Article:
• Debugging - "I've written a few hundreds line of code, can run them, see some numbers in the output and now what?" - I think most practitioners implementing reinforcement learning models will ask themselves this question multiple times. I sure did. While neither reading through research publications or implementing state-of-the-art models are very simple endeavors I think it's the debugging part that is the biggest challenge of these three. I'll devote to rest of this section to this stage.

Improving debugging efficiency of reinforcement learning models is one of the major engineering challenges of this field. I believe experience helps a lot but we it is the structural approach that is needed. I see that as on open question.

People tend to share their success stories, rather than hardships they've encountered. It is quite unfortunate, as in my opinion, others can often learn more from one's failures than successes. Therefore, I'll share with you some of the horror stories I've lived through while debugging models.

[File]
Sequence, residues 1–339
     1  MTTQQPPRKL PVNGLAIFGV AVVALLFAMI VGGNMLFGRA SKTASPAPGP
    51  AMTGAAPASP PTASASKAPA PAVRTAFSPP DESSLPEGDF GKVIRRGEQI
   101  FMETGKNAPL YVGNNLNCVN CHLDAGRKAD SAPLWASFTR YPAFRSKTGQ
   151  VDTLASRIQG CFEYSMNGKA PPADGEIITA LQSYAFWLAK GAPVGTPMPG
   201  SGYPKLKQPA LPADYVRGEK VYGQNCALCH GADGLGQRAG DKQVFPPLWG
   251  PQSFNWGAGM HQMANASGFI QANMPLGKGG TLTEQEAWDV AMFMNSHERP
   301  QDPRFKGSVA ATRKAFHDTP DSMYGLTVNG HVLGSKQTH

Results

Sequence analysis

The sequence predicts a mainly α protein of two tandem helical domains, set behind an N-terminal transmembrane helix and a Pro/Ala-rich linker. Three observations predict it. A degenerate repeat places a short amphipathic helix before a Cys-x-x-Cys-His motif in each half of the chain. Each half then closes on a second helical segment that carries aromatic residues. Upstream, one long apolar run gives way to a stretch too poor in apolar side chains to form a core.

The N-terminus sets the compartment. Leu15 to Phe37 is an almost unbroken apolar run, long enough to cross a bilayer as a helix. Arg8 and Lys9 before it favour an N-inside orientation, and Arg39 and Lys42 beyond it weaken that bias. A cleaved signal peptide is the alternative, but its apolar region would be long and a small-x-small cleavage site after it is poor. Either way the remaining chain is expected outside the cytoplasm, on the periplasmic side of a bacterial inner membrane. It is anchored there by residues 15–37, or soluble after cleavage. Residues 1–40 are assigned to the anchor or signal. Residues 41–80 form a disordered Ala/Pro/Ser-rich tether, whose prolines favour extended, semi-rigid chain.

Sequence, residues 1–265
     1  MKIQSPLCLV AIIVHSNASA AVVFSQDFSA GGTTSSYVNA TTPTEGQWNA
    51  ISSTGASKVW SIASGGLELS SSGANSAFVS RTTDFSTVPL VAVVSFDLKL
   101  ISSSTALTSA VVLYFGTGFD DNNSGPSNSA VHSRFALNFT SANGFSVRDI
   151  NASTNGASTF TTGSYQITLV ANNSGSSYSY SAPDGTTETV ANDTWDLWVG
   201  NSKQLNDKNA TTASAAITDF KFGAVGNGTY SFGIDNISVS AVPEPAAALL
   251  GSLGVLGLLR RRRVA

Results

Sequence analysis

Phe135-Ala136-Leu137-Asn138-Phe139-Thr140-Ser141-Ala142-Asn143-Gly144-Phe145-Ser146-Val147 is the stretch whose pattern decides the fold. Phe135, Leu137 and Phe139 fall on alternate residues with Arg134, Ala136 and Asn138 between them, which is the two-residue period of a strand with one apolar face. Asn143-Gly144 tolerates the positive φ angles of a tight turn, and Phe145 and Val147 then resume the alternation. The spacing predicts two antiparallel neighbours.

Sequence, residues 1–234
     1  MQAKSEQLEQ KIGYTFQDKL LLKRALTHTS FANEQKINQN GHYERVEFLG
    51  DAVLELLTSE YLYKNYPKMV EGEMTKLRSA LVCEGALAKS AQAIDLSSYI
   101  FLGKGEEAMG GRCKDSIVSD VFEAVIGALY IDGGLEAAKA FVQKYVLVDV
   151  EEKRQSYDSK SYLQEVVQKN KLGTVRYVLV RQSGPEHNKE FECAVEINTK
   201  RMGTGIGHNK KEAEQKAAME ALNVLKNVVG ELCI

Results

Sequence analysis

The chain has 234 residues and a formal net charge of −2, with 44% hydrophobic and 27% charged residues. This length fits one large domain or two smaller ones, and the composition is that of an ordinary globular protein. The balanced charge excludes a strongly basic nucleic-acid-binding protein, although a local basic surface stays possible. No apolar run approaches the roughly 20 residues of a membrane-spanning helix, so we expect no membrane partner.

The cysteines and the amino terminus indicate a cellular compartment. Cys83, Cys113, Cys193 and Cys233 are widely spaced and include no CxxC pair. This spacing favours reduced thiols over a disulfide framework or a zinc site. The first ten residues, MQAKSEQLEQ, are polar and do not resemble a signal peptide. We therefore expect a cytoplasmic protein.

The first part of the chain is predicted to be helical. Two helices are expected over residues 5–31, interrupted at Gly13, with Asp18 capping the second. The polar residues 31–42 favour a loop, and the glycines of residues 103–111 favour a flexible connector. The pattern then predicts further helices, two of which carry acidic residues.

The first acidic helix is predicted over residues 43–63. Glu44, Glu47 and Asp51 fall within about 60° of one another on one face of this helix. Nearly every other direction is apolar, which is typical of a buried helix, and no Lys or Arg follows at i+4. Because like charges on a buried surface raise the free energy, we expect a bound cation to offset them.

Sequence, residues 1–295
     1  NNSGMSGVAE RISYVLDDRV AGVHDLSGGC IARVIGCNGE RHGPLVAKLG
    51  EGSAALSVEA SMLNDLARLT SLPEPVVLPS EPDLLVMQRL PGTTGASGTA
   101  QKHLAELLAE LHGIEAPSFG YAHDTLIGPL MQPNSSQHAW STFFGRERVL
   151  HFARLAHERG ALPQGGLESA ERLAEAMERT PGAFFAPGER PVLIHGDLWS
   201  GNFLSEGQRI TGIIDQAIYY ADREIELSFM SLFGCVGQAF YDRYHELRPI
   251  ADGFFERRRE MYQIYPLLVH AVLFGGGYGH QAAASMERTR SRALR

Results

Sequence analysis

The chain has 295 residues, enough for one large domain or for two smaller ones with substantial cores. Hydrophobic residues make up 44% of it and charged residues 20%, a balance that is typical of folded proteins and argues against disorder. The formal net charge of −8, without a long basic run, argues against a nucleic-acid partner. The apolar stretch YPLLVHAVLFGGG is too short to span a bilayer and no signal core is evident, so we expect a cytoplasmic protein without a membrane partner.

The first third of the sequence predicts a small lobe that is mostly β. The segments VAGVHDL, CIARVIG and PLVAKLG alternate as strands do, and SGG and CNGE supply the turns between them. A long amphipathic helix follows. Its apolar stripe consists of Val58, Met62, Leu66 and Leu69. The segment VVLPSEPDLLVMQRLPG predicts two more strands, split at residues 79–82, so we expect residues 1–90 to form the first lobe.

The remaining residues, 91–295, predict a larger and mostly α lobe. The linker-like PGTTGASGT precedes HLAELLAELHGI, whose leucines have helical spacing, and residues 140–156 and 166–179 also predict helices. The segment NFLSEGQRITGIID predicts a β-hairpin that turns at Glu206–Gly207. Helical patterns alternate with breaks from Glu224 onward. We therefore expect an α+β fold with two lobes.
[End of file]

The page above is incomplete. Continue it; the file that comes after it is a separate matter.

I have many years of software development experience behind my belt and have built and deployed many large complex numerical systems into production. Yet still, I've encountered the hardest to track bug of my life to date during this project.

Debugging story 1: A2C performance difference

It was the first hard bug I've encountered in the project. Surprisingly enough, in the end it turned out there was no bug at all.

First piece of code I've written for this project was Advantage Actor-Critic (commonly called A2C). It consists of the simplest, most vanilla policy gradient computation with a critic baseline. There is very little actual complexity on the theoretical side, but the environment rollouts, advantage estimations etc. need to be set up just right. When I was benchmarking my code against OpenAI (who publish benchmarks of their implementations) agent, I've made the following observations:

  • My agent was initially learning much faster than OpenAI agent
  • Learning was highly unstable - sometimes, out of the blue, the rewards would drop catastrophically

That didn't seem right. Although the agent code didn't seem overly complex, I've analyzed it line by line at least 20 times to make sure it does everything as expected. And it did. Yet the performance drops continued to occur.